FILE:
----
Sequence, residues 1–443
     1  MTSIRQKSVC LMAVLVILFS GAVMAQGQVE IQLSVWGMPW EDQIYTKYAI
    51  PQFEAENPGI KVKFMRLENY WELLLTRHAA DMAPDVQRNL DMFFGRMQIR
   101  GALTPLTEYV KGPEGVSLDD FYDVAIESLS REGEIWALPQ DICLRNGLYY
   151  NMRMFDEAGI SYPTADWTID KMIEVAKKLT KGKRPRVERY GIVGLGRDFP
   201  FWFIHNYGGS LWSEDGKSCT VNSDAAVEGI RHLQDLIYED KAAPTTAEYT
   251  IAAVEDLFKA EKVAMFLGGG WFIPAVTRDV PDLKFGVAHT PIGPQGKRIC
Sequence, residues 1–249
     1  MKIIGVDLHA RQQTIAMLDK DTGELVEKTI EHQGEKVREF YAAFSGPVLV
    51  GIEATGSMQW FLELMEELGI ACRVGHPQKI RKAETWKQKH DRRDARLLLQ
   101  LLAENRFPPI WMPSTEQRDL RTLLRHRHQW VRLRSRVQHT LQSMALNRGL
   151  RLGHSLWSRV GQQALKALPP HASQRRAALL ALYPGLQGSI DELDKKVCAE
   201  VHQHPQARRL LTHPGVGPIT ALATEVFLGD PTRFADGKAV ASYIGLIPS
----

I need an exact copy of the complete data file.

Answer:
Sequence, residues 1–443
     1  MTSIRQKSVC LMAVLVILFS GAVMAQGQVE IQLSVWGMPW EDQIYTKYAI
    51  PQFEAENPGI KVKFMRLENY WELLLTRHAA DMAPDVQRNL DMFFGRMQIR
   101  GALTPLTEYV KGPEGVSLDD FYDVAIESLS REGEIWALPQ DICLRNGLYY
   151  NMRMFDEAGI SYPTADWTID KMIEVAKKLT KGKRPRVERY GIVGLGRDFP
   201  FWFIHNYGGS LWSEDGKSCT VNSDAAVEGI RHLQDLIYED KAAPTTAEYT
   251  IAAVEDLFKA EKVAMFLGGG WFIPAVTRDV PDLKFGVAHT PIGPQGKRIC
Sequence, residues 1–249
     1  MKIIGVDLHA RQQTIAMLDK DTGELVEKTI EHQGEKVREF YAAFSGPVLV
    51  GIEATGSMQW FLELMEELGI ACRVGHPQKI RKAETWKQKH DRRDARLLLQ
   101  LLAENRFPPI WMPSTEQRDL RTLLRHRHQW VRLRSRVQHT LQSMALNRGL
   151  RLGHSLWSRV GQQALKALPP HASQRRAALL ALYPGLQGSI DELDKKVCAE
   201  VHQHPQARRL LTHPGVGPIT ALATEVFLGD PTRFADGKAV ASYIGLIPS